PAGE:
The three-day event was part of the Vatican’s Courtyard of the Gentiles initiative, a structure for dialogue created by the Pontifical Council for Culture in 2010.
The initiative came to Washington, D.C., and the United States for the first time to explore how people of faith traditions and those with no religious affiliation can work together to enrich civic life in America.
Courtyard of the Gentiles
“Georgetown is deeply honored to host the first Courtyard of the Gentiles event in the United States,” said Georgetown President John J. DeGioia. “As we gather together in pursuit of the common good, we will draw both on our nation’s history of pluralism as well as our Catholic and Jesuit tradition of engagement, friendship, concern for the poor, and a commitment to developing an ever deeper understanding of one another and our world.”
The concept of a Courtyard of the Gentiles dates back to biblical times, when Jews and non-Jews (gentiles) shared space in the outer courtyard of the Temple of Jerusalem to meet and discuss the nature of God and human existence.
Since 2010, the Vatican’s Pontifical Council for Culture has held Courtyard of the Gentiles events in more than a dozen cities, including Budapest and Mexico City.
The conference brought together religious, cultural and political leaders, students and the wider Georgetown and Washington, D.C., communities for events that explore the theme of the common good through political life, religion, culture and the arts.
“Our national dialogue regarding the role of religion in public life and its contributions to the common good is at a critical juncture,” said Cardinal Donald Wuerl, archbishop of Washington. “The Courtyard of the Gentiles format offers an opportunity to explore the relationship between religious faith and culture from a fresh perspective. Georgetown’s location in the nation’s capital and, in particular, the Berkley Center’s emphasis on interfaith understanding make the university an appropriate host for next month’s event.”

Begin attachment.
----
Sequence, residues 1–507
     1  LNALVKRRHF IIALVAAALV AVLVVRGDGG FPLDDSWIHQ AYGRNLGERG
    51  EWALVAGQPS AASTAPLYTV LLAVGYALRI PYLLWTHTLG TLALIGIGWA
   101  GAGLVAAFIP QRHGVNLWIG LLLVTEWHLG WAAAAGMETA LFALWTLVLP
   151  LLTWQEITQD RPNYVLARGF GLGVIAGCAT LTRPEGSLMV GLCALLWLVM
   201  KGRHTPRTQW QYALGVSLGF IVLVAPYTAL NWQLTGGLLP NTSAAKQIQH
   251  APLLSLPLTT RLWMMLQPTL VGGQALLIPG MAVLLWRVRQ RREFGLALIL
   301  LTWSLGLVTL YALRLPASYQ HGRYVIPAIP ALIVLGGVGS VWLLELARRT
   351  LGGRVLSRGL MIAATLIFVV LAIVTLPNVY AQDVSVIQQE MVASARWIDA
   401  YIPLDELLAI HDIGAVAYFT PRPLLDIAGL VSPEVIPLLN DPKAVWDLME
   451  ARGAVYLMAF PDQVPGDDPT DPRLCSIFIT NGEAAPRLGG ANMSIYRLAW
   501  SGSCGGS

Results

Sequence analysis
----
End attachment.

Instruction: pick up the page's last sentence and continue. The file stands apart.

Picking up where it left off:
The conference explored a uniquely American art form April 9 with “Faith, Hip-Hop, and the Common Good,” a free performance at the Kennedy Center showcasing interreligious diversity and tolerance through a hip-hop lens. Hosted by Russell Simmons, the performance featured artists of diverse faiths, including MCs Talib Kweli, Jin, Poetic Pilgrimage, AmKoullel, Mandeep Sethi, DJ Boo and Narcy. University Professor Michael Eric Dyson led a post-performance discussion that is also part of the One Mic: Hip-Hop Culture Worldwide festival at the Kennedy Center.
Leading thinkers, acclaimed scholars and authors convened at Georgetown on April 10 to explore how people of different faiths and no faith can work together to enrich civic life. Following each plenary session, panelists, students and the Georgetown and Washington, D.C. communities broke into smaller groups and continued the conversation in “Tents of Dialogue” on the university’s front lawn.